This article originally appeared as part of our January 2019 print issue in the timber feature. After over two years of testing and several rounds of deliberation, the International Code Council (ICC) has settled on a batch of modest code changes that will embrace tall timber buildings in the United States. The changes are due to take effect in 2021, after approval from ICC’s Ad Hoc Committee on Tall Wood Buildings (TWB) in December 2018. The 18-member TWB group is made up of fire, concrete, steel, gypsum, and wood specialists as well as architects, engineers, and code officials from around the country who have been working to craft the new codes and prove that tall wood structures can be built safely. Current regulations allow mass timber construction for only six-story structures and under, although a handful of taller mass timber buildings have been built internationally, including the 18-story Brock Commons Tallwood House in Vancouver, Canada, among others. The officials conducted research and performed multiple fire tests—including controlled burns of five two-story CLT structures at the National Bureau of Alcohol, Tobacco, Firearms, and Explosives in Baltimore—to back the safety of their proposed changes. The new regulations, aside from officially defining mass timber construction types and specifying minimum dimensions for timber elements, will also include three additional construction types in the “heavy timber” (Type IV) category—dubbed “IVA,” “IVB,” and “IVC”—that establish building codes for 18-, 12-, and 9-story mass timber buildings, respectively. In 2018, Washington State became took the lead by incorporating tall timber codes into its building codes. Seattle-based architect and mass timber specialist Susan Jones of atelierjones spent two and a half years crafting these new standards with the TWB committee. As an architect who has spent ample time proving the safety of mass timber construction on a project-by-project basis, Jones welcomes the new regulations as a potential jumping-off point that might allow for even taller timber structures in the future. “The codes are solid and very conservative, given the performance the material showed,” Jones said. “But we had to start somewhere.”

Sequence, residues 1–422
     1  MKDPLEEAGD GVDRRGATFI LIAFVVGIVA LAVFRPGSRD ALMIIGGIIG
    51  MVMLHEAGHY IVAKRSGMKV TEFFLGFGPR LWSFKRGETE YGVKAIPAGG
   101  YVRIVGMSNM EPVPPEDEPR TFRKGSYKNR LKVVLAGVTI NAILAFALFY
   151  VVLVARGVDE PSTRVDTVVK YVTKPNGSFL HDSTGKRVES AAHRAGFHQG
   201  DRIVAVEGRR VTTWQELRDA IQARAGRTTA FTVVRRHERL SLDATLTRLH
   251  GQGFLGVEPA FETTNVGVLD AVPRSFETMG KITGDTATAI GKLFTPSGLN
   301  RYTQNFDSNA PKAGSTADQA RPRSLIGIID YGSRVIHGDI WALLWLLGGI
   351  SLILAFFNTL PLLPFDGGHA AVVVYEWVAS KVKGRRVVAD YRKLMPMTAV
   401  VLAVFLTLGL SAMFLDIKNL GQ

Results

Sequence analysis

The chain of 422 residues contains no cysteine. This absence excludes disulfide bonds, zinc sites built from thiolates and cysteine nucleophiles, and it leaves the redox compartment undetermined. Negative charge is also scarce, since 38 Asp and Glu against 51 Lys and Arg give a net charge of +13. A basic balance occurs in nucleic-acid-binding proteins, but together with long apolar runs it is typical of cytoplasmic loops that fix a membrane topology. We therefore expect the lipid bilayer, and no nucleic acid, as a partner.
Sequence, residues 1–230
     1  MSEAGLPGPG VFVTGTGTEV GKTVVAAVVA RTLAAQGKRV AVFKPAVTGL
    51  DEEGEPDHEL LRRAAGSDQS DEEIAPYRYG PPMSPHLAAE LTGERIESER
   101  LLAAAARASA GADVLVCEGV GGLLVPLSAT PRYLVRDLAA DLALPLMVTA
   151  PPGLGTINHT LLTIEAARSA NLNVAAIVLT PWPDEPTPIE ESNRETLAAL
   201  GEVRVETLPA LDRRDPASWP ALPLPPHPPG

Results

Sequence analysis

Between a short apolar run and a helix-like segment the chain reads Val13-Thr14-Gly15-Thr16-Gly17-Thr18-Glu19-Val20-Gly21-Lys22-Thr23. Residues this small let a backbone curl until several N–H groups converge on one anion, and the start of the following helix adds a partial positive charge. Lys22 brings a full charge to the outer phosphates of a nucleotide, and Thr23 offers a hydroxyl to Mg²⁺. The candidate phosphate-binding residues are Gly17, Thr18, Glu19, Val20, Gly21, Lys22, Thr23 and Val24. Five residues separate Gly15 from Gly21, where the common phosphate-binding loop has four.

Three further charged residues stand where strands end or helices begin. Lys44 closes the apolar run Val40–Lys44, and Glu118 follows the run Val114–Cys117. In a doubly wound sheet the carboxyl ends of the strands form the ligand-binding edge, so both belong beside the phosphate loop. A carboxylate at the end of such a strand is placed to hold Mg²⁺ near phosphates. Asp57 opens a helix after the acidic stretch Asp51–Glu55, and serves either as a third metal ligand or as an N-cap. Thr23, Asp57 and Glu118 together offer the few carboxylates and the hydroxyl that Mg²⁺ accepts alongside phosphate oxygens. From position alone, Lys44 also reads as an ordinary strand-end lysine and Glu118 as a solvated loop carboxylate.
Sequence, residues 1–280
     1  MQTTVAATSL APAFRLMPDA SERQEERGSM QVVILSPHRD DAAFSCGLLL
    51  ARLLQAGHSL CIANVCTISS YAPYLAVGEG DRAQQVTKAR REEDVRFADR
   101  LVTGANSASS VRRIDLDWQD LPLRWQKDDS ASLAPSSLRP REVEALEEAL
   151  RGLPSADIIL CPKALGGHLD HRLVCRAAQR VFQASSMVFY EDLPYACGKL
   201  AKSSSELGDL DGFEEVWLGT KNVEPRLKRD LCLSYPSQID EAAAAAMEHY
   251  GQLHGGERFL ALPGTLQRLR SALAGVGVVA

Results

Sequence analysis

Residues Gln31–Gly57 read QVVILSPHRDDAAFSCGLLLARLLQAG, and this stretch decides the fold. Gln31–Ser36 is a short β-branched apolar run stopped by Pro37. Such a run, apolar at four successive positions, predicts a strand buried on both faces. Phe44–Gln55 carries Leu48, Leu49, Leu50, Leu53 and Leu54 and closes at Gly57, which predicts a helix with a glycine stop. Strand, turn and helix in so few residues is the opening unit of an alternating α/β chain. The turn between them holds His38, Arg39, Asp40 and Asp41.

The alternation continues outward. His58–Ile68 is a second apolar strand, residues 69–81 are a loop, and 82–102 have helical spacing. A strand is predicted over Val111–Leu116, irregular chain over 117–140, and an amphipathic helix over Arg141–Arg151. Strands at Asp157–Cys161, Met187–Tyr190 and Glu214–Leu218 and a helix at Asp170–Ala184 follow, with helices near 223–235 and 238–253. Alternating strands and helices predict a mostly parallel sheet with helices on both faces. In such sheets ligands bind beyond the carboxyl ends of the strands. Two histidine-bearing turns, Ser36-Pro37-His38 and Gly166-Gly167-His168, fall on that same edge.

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International Code Council Calls For 30% More Efficient Buildings

While the country has been obsessed mid-term elections, local and state building code officials passed another less conspicuous but equally important vote that will reportedly result in 30 percent more efficient buildings than those built to current standards.  During the International Code Council’s (ICC) final action hearings held in Charlotte, North Carolina last month, building officials supported revisions to the commercial section of the 2012 International Energy Conservation Code (IECC), one of the model building codes published by the ICC that establish minimum energy efficiency standards for new construction of residential and commercial buildings. New residential improvements will ensure that new homes are better sealed to reduce heating and cooling losses; improve the efficiency of windows and skylights; increase insulation in ceilings, walls, and foundations; reduce wasted energy from leaky heating and cooling ducts; improve hot-water distribution systems to reduce wasted energy and water in piping, and boost lighting efficiency. Commercial improvements will call for continuous air barriers, daylighting controls, using renewable energy or installing more efficient HVAC equipment or lighting systems. According to the U.S. Energy Information Administration (EIA), the Building Sector uses nearly half (49 percent) of all energy produced in the U.S., so these changes will be welcome.